And yes, I have the TBR to support this attempt for more than six months if I am good about it, have no fear. What about you? Have you ever tried to tackle your TBR? I’m of course assuming that if you’ve read this far, you’re either judging me horribly (fair), or you too suffer from an addiction to good reads.

A Penguin Summer

This past summer, I tried to have a Summer of Penguin. Here’s how it went, how it failed, and I how I didn’t understand what I was taking on. A follow up post will cover the iteration it inspired by accident.

When I was a teen (and, honestly, well into my 20’s), I worked for a public library system back in the Fredericksburg, Virginia area. I was fifteen when I started working in our tiny branch in North Stafford after school and weekends and quickly adapted to thinking of the library staff as an extension of my own family. One of the librarians in particular, LVK, offered me this advice once:

This summer, for every fun book you read, read one classic.


I, of course, scoffed. What did LVK know about me or my reading? I continued on my way, devouring a half dozen books a week, most of which I couldn’t recall the titles of now. But that advice haunted me, stuck with me, became a lamp post goal.

Until this summer when I tried it. I had grand plans, mind you – I average a week or so per book. Sometimes more if it’s a “thicker” read, sometimes less if I’m really into it. Surely I could knock off a half dozen books over the course of a summer?

With this in mind and the arrogant confidence of my teen years slipping through after all these decades, I bought a dozen Penguin Classics in hardback. They’re all books that are on the poster my oldest gave me, all books I want to read. How could this be a problem?

As it turns out, I can’t read them anywhere near as fast as I thought I could. Of the dozen or so books I set out with, I’ve read three so far. I’m still trying, and even that three feels like an accomplishment. The first book was Lord Jim, then Moby Dick followed (eventually) by The Picture of Dorian Gray. I really loved the Picture of Dorian Gray, which was a much easier read with a lot less whale bits. I read other books at the same time, and was often amused to see that most of them bore the Penguin imprint. I wish that had been on purpose.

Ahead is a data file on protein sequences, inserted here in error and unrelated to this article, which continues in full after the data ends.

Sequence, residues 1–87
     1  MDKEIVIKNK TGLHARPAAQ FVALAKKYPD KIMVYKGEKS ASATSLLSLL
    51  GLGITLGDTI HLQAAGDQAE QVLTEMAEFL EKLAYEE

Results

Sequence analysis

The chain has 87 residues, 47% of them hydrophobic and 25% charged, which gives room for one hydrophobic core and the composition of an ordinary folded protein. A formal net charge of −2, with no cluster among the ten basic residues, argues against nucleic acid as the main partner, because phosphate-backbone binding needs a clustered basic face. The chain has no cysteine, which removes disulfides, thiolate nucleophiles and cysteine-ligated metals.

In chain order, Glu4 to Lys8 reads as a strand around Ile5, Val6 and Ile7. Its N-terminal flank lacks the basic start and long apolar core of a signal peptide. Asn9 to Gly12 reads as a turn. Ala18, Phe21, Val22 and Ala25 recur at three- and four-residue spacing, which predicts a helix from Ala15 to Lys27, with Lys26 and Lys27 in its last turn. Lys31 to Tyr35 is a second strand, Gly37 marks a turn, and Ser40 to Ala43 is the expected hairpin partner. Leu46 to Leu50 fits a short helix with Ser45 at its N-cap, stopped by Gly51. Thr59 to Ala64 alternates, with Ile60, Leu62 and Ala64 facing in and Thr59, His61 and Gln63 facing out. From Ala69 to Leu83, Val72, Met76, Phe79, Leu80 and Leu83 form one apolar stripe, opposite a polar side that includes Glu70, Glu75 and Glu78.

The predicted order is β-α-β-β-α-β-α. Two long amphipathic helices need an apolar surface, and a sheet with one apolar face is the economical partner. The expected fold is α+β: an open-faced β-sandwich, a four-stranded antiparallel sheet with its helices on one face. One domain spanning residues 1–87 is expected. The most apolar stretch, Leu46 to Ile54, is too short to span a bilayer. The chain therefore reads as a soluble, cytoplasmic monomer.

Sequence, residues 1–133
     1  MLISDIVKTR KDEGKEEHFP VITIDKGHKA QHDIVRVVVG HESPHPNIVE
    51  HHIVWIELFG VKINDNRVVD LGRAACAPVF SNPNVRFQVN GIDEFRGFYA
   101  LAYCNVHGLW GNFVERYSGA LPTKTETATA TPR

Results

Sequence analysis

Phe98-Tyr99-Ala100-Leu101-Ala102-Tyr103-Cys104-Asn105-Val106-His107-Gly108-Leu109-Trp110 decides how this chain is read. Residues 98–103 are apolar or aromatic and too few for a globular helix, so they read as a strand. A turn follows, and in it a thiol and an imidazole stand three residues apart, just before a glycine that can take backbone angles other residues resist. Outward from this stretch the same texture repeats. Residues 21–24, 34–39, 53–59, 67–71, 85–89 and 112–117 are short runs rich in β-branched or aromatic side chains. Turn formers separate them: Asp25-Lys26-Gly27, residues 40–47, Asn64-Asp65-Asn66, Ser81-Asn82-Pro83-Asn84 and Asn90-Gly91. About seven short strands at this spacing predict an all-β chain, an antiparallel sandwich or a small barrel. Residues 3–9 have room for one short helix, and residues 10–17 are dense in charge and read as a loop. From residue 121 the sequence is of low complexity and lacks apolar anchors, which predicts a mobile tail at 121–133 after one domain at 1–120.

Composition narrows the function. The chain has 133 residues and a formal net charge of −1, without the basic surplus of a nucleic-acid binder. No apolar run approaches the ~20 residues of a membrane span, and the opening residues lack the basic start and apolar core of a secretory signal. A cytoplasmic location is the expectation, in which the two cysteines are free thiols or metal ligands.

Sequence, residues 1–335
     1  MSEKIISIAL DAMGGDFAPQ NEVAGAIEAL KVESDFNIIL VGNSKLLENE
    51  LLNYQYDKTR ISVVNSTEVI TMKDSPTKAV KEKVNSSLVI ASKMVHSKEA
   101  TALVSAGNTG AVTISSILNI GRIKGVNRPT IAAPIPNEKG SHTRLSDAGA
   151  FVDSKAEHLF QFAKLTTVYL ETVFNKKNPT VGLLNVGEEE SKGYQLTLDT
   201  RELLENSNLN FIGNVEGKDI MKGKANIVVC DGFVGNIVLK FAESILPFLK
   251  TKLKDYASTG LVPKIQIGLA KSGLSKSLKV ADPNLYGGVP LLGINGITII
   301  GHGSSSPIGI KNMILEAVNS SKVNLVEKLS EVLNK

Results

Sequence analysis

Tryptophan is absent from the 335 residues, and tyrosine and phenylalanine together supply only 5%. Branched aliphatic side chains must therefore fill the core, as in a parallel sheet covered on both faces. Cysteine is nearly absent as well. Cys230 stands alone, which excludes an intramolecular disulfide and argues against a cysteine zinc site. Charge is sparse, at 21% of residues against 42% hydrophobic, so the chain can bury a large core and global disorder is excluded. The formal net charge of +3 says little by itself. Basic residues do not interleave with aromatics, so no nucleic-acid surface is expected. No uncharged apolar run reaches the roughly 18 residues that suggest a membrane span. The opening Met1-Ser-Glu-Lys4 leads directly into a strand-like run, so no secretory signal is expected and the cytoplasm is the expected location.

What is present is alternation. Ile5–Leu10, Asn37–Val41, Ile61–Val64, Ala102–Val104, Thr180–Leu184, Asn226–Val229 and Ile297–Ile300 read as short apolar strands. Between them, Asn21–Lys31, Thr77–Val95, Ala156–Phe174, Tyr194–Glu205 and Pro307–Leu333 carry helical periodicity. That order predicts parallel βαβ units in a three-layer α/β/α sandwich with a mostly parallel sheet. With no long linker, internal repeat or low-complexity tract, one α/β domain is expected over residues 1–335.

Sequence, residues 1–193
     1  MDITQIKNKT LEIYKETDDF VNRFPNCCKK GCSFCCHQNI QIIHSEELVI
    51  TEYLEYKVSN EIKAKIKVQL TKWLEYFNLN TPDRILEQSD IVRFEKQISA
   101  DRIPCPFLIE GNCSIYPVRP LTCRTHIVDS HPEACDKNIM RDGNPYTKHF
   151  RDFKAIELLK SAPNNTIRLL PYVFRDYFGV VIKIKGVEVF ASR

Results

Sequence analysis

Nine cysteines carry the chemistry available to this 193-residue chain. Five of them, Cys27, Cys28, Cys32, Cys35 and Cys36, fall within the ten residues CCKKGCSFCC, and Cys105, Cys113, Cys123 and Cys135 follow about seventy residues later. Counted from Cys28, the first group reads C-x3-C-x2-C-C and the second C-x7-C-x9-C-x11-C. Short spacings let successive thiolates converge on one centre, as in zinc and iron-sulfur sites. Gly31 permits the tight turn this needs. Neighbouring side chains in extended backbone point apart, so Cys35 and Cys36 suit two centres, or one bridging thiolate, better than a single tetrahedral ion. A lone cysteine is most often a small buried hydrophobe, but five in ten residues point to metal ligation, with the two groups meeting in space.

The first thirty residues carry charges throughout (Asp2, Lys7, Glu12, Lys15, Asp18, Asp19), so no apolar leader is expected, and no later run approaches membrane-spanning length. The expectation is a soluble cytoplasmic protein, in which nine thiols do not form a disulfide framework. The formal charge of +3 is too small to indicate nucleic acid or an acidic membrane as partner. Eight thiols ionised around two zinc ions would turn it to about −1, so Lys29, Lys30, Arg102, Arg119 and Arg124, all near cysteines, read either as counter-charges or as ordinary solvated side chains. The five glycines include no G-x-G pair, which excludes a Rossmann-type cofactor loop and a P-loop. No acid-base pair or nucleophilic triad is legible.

Why Penguin? This goes back to college, when they were the publisher of choice for most of my Classics and Philosophy texts. I tend to enjoy/prefer their translators and formats.

Would I consider this a success? I think so. I finished this summer (school starts here on Wednesday) having read more from the classical canon than when I started the summer, and I do feel wiser for it. Will I continue? The pile of clothbound Penguin classics I bought in anticipation says yes.

But this also inspired me to try another reading experiment, the topic of a future blog post. Until then, keep reading!

Of Kobos and Kindles, a comparison

Over the last year I have come into possession of both the current Kobo Forma and Kindle Oasis models. If you are considering purchasing either, here are some notes I’ve made you might find useful.

Technical Details

Let me start by saying both devices are beautiful pieces of tech. When the Forma first arrived, it was the first time I had held a Kobo, and was awestruck by its smooth surface and huge screen. At 8″ of screen, it is certainly larger than the Oasis’ 7″, and you can definitely feel that 1″ difference. Both models excel in doing away with what feels like lost screen space that lower-tier models have – there is no thick border around the screen. Instead, your viewing space is almost the full size of the unit itself.